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Summer Lake Hot Springs pond

Summer Lake Hot Springs shed

A Summer, Summer Lake

We are looking forward to the dry heat and sun of the eastern Oregon deserts after a long wet spell, but we are experiencing some diabolical atmospheric trick: hot sun on the western slopes of the Cascades; cool drizzle starting near Bend and continuing the 130 miles through the desert until we reach our destination at Summer Lake. Naturally, there is enough real precipitation to generate a leaky roof in our cabin. And of course, the water couldn't drip into the bathtub, sink, or onto the floor, but had to find its way dead center on the bed in one of the bedrooms. We have arrived late and don't want to bother Rick and Diana, the thoughtful managers, who have left the porch light on and a heater going. Besides, what's a little rain? There is plenty of spare bedding, three couches, another bedroom and a spare twin mattress to accommodate us — my sister Sue and her college-bound daughter and the daughter's boyfriend.

All four of us spring into action as we quickly move the bed, find three plastic waste bins to catch the drips, strip the bed of its soaked blankets, hang them around the room to dry and get down to the real business of arriving — changing into our swimsuits and finding the hot tub. The kids do a scouting trip in the yard and return saying they have found nothing. I was certain the owners had told me that this, their house that they rent out when they're not in residence, had a private hot tub apart from the covered hot springs pool in the center of the property that other guests use. Sue and I then roam outside in the near dark and find not one, but four tubs – real ceramic bathtubs, one of which is pink – sitting on the ground surrounded by conveniently placed boulders on which to toss our towels or place drinks, novels, sandals or whatever one might bring to a hot tub outing.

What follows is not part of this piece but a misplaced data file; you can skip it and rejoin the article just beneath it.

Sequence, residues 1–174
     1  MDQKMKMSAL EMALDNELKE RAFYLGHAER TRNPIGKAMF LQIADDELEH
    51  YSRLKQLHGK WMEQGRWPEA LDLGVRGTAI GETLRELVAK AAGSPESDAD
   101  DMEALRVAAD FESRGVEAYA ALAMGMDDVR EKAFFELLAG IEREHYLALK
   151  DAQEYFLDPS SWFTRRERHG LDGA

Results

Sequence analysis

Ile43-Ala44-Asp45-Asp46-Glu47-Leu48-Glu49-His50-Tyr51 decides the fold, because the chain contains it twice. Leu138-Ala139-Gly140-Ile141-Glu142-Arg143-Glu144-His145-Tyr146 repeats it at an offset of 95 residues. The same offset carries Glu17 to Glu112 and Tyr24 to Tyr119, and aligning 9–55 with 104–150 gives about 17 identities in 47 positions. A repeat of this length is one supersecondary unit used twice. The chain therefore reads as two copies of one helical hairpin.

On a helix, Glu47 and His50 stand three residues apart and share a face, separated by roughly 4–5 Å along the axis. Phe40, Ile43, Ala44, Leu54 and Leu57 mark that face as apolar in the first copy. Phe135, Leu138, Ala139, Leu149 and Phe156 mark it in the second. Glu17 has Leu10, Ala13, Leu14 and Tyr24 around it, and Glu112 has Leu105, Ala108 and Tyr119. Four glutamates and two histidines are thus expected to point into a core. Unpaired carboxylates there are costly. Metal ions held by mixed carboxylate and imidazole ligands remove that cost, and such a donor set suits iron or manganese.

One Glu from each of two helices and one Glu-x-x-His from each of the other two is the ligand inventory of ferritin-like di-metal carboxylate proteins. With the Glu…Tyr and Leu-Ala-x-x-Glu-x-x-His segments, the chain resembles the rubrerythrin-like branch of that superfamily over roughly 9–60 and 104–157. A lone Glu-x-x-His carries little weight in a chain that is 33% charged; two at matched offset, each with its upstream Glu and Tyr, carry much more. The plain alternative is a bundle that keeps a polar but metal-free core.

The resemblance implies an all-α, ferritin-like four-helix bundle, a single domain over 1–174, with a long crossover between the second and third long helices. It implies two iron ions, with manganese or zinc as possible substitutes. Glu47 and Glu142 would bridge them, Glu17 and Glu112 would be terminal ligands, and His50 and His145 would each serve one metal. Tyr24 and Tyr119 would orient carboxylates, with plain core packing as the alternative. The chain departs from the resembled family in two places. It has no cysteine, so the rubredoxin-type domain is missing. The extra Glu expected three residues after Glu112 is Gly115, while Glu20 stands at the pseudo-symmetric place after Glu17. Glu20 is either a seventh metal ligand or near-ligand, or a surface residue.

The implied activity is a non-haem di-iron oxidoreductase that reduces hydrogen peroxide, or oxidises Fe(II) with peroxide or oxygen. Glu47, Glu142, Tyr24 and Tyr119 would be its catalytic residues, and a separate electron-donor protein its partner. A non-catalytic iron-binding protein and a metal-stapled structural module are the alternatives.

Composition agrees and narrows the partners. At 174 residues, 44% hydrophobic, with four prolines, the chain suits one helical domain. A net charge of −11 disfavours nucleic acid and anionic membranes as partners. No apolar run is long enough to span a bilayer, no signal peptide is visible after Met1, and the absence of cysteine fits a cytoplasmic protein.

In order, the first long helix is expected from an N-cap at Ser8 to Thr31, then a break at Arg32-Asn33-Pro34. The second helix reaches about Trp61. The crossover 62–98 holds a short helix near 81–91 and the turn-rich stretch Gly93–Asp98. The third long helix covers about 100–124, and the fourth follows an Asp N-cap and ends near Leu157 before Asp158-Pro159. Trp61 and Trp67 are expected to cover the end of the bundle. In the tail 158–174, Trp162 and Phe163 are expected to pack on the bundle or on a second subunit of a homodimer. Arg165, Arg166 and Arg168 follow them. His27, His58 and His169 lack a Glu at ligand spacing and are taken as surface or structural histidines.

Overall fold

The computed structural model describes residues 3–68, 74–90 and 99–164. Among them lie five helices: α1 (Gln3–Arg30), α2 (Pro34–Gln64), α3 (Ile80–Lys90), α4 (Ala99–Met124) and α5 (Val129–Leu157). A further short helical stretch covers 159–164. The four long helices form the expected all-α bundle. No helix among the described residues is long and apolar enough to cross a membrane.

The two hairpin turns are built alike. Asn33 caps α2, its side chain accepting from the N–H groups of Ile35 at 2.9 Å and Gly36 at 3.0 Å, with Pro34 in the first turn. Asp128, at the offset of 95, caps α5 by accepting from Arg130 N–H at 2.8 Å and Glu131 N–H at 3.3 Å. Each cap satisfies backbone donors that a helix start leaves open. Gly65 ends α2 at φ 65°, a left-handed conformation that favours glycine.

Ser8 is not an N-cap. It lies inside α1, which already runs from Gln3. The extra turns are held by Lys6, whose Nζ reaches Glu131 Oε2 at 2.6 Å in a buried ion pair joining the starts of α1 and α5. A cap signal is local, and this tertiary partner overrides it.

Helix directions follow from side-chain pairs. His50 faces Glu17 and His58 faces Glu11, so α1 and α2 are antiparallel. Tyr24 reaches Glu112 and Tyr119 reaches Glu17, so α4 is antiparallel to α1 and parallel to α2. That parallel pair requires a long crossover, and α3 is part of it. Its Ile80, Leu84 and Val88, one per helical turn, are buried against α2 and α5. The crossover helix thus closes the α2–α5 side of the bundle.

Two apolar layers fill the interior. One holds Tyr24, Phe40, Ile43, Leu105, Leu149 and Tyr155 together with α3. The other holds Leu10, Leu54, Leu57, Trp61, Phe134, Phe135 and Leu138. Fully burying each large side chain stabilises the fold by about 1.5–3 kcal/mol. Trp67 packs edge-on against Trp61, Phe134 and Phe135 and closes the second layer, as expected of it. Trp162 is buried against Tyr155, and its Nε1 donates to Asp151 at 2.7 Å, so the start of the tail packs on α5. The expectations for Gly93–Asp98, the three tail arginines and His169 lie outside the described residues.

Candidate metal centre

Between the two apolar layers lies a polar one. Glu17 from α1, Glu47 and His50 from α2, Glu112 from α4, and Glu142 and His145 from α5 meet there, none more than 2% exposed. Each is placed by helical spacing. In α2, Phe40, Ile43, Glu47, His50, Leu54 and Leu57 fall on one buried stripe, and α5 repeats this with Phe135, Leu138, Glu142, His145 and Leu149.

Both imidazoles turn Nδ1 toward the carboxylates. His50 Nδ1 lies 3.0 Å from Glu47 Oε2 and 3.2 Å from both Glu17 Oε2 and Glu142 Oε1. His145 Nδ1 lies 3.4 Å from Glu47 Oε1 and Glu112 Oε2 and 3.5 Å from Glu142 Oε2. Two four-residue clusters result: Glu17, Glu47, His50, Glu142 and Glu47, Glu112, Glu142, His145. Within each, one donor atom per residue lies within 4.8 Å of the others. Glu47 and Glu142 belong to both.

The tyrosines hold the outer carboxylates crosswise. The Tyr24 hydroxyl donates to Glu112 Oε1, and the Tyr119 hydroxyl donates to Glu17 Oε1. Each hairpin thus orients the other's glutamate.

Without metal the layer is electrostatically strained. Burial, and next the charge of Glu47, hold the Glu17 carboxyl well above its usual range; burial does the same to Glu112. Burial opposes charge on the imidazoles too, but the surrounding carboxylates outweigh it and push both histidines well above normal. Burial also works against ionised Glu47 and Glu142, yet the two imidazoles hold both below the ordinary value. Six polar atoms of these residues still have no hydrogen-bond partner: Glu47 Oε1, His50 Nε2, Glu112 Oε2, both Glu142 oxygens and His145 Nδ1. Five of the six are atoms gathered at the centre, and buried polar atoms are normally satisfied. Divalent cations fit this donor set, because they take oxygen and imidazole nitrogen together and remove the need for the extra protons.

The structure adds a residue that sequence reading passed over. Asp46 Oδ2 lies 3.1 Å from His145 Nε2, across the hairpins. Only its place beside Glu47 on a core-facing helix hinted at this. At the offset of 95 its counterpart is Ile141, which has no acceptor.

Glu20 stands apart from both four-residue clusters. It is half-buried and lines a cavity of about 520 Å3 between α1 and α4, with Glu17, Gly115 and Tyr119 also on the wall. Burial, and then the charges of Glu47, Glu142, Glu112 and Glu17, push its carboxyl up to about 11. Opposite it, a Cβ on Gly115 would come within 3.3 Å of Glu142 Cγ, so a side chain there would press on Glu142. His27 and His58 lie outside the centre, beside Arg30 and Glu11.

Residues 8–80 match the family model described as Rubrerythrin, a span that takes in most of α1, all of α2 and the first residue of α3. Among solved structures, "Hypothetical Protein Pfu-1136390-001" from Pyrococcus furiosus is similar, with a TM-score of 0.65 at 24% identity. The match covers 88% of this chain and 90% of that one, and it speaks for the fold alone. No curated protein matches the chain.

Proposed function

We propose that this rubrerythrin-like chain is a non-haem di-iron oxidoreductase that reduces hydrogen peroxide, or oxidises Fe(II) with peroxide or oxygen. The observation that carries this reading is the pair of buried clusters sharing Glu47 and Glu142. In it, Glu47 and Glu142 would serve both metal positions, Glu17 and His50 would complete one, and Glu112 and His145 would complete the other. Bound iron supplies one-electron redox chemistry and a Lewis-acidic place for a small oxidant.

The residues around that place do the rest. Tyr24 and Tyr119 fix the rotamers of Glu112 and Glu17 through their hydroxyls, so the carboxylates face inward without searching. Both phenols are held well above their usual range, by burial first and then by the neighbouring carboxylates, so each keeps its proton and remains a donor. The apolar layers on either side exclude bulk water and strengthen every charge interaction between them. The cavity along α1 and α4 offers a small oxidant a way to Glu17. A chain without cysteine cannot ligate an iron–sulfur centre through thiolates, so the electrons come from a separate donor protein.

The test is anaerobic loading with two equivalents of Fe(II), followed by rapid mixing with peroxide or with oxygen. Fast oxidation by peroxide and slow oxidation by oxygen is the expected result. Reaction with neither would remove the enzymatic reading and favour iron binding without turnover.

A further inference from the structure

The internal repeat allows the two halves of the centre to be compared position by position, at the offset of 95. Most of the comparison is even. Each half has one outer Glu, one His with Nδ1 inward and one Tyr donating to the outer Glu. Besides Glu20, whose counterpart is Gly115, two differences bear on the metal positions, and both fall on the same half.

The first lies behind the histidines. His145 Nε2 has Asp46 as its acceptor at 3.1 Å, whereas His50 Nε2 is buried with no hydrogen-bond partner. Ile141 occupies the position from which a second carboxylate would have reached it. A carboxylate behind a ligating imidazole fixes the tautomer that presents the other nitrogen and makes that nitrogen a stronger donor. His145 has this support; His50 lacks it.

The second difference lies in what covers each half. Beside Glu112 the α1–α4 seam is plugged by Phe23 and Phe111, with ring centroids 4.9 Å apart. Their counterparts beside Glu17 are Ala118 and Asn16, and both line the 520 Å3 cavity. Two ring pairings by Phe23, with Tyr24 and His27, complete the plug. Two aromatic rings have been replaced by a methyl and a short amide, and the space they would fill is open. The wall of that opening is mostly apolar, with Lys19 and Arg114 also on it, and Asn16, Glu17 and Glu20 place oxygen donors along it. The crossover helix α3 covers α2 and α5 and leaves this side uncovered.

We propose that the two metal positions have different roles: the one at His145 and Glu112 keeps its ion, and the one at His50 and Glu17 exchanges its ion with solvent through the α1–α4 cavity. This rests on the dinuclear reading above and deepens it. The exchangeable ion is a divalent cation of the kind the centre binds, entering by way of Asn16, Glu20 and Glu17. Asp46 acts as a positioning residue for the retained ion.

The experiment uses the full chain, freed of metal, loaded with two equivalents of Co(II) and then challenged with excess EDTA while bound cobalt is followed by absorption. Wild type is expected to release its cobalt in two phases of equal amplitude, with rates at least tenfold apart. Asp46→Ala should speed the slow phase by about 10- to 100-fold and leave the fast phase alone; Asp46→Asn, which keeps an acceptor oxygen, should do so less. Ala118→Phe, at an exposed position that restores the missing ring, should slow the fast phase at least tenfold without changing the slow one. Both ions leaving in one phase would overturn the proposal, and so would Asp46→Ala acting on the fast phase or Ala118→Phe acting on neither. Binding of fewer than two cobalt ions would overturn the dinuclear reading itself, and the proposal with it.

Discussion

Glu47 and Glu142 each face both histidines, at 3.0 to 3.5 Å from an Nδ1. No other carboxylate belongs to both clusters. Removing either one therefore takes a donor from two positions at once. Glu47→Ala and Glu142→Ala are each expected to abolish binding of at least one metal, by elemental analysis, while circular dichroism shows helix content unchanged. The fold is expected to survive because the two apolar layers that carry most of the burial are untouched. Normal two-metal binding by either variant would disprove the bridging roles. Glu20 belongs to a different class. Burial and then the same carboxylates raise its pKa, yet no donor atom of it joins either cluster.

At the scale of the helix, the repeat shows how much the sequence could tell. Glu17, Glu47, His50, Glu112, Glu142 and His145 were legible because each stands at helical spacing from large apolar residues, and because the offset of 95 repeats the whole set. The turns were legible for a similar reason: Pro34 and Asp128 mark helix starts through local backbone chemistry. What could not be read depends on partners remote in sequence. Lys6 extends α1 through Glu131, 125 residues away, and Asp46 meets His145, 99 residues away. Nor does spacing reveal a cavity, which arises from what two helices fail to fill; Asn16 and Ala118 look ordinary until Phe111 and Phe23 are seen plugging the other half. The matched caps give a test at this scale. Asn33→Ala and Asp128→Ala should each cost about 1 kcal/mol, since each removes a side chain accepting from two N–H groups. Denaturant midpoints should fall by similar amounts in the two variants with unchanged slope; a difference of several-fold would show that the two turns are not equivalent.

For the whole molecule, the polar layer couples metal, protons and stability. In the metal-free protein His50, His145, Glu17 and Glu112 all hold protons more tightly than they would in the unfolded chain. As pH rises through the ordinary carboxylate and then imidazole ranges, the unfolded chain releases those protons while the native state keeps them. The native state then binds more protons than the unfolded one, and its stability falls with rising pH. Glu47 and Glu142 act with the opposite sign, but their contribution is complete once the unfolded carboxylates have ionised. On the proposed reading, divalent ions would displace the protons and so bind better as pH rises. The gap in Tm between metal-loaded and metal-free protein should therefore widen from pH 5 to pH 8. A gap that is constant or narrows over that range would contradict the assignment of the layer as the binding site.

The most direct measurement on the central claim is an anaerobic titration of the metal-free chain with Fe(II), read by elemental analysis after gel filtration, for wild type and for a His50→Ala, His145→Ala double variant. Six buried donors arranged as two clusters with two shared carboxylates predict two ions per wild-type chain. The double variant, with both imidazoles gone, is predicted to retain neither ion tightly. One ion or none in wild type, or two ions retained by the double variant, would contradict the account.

We fill the tubs with the garden hose that delivers the perfect temperature water, about 102 degrees Fahrenheit, having cooled on its journey down the hill to us from its 118-degree hot springs source. Relaxed and reclined, we each luxuriate in our private hot tubs as we watch the moon half hidden by racing clouds while bats and nighthawks swoop over us and the nearby pond hawking for mosquitoes and other insect delicacies.

The next morning we awake to sun and the beautifully stark surroundings – 8,000 foot Winter Ridge rising behind us and the blue stretch of lake giving way to the vast landscape, a mix of basalt lava flows and volcanic ash dunes from ancient eruptions. Summer Lake, shallow and edged by green vegetation is spectacular but not a swimming nor boating lake. It is a wildlife refuge (bird-watching heaven; hunters’ delight) flooded then frozen in winter; diminished by evaporation in summer.

While the kids play basketball in the mineral pool enclosed in the ancient rustic shed, Sue and I wander the property then visit with Rick, who had his scope focused on a herd of bighorn sheep on Winter Ridge, and Diana, who offers home-made cinnamon rolls.

We spend the day as tourists, much to the chagrin of the teenagers, backtracking and driving way too much exploring geologic wonders including Fort Rock (10,000 year old sandals), Christmas Valley and Picture Rock Pass where we find some of the petroglyphs and pictographs for which the pass was named. We take a lunch break at the Silver Lake Café where we order perhaps the largest milkshakes in Oregon.

Back at Summer Lake we stay at Summer Lake Inn, the antithesis of the hot springs, with manicured lawns and flower beds flanking a 1902 lodge and custom built cabins along with satellite TV and a library of movies. After canoeing on the pond and unwittingly scattering new clutches of pintail ducks, Sue and I join our enthusiastic hosts, Darrell and Jean, for dinner — a birthday celebration family affair with the other inn guests included as though we all belonged.

Summer Lake is just like that. Perhaps it is the immensity of the landscape and sky that makes everyone so friendly. One can't help but be reminded that we are but tiny specks in the vast scheme of things. And happy specks at that.

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